This study examines the impact of InCOP1 – Information Collection on Patrol, a training course that adopts a behavior-based approach to the identification of suspicious activities and behaviors, on information collection by front-line police officers. For this research, we developed a web-based instrument situational awareness assessment instrument to evaluate empirically the individual judgments of police officers drawn came from a cross-section of American state, county, and municipal law enforcement agencies who previously completed InCOP1 training compared with those of officers who did not participate in that training. Study participants employed an 11-point Likert type scale to assess a series of subject matter expert-generated scenarios that emulated a mix of non-suspicious behaviors, generic suspicious behaviors, traditional criminal behaviors and terrorism-centric activities. The results based on 3036 individual judgments indicate trainees had enhanced ability to recognize suspicious activity (more true positives) when compared with officers who did not participate in InCOP1 training. This finding is consistent with criminology studies that suggest training affects police decision making generally and situational awareness specifically.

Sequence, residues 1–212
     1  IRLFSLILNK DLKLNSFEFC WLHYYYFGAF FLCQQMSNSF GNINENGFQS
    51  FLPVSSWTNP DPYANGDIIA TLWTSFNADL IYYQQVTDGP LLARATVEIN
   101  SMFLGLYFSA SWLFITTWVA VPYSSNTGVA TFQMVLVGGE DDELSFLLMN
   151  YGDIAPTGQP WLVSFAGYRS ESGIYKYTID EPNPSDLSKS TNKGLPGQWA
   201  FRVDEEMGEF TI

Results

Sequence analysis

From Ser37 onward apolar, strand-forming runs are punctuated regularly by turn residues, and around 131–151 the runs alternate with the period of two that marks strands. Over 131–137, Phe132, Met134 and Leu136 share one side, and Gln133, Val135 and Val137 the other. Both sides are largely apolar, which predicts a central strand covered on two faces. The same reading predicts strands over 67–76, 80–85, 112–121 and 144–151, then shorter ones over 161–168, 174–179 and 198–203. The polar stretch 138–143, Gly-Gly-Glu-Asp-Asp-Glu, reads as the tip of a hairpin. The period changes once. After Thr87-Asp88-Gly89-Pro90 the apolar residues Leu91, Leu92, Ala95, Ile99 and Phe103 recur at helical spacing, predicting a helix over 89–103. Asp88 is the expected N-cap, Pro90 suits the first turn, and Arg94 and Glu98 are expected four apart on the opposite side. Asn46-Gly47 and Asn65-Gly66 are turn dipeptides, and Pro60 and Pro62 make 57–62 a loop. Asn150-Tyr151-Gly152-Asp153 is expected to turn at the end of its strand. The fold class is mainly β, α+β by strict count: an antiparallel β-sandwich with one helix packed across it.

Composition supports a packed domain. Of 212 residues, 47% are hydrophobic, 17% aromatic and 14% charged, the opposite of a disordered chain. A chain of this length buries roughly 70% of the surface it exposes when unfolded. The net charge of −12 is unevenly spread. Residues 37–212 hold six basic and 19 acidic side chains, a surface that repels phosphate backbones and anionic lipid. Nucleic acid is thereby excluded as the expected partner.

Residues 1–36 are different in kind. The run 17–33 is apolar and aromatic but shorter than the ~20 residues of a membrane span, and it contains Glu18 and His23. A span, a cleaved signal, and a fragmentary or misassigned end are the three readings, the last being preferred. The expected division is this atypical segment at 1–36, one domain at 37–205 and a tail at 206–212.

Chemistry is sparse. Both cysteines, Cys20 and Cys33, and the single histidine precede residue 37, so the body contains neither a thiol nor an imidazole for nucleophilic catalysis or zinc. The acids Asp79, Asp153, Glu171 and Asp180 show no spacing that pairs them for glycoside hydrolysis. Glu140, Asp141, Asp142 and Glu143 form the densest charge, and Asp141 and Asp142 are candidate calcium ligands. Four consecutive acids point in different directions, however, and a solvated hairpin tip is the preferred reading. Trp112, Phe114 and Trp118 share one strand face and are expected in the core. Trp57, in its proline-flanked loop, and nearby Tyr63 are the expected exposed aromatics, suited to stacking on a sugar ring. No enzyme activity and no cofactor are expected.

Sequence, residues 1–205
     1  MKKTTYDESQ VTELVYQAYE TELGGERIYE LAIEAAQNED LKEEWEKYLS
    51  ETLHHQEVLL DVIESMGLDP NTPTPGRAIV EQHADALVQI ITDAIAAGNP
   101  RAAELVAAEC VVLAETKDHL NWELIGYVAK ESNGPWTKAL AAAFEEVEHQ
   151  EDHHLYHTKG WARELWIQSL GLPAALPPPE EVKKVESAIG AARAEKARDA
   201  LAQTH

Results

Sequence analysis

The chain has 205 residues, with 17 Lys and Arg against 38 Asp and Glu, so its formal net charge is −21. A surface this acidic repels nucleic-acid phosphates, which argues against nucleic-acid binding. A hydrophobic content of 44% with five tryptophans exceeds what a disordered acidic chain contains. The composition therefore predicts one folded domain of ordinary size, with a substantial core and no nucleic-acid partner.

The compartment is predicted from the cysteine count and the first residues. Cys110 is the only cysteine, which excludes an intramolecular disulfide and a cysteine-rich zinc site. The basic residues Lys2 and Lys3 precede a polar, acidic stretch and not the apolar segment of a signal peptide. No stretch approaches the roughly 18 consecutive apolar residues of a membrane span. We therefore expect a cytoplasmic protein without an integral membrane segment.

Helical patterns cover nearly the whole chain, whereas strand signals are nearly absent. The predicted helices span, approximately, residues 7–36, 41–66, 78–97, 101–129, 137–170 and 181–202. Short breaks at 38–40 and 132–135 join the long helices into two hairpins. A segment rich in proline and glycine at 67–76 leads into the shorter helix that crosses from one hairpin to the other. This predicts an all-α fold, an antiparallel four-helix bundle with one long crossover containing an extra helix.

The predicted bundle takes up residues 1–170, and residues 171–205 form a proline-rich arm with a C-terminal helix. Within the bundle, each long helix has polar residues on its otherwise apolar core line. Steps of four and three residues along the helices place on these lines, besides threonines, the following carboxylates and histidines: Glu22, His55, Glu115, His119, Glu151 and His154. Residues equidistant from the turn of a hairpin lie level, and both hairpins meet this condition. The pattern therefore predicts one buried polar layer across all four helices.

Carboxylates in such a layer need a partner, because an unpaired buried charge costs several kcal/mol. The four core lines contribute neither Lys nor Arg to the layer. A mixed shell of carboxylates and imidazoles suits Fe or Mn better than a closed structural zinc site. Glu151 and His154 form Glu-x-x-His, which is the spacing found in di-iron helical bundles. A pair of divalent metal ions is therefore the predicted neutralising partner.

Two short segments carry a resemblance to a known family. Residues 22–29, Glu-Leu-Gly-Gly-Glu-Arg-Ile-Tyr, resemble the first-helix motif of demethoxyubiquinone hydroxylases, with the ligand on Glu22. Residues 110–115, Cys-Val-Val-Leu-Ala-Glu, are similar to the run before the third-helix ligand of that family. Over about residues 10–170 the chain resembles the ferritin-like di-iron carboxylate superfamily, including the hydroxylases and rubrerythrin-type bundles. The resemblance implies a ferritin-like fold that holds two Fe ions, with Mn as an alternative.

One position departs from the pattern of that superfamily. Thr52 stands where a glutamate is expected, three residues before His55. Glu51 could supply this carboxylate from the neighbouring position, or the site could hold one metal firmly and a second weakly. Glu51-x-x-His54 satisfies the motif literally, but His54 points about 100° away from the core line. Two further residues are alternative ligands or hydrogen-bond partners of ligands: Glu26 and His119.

Regens, James L., Nick Mould, Carl J. Jensen III, David N. Edger, David Cid and Melissa Graves. 2015. "Effect of Intelligence Collection Training on Suspicious Activity Recognition by Front Line Police Officers." Security Journal (May): 1-12. http://www.palgrave-journals.com/sj/journal/vaop/ncurrent/full/sj201510a.html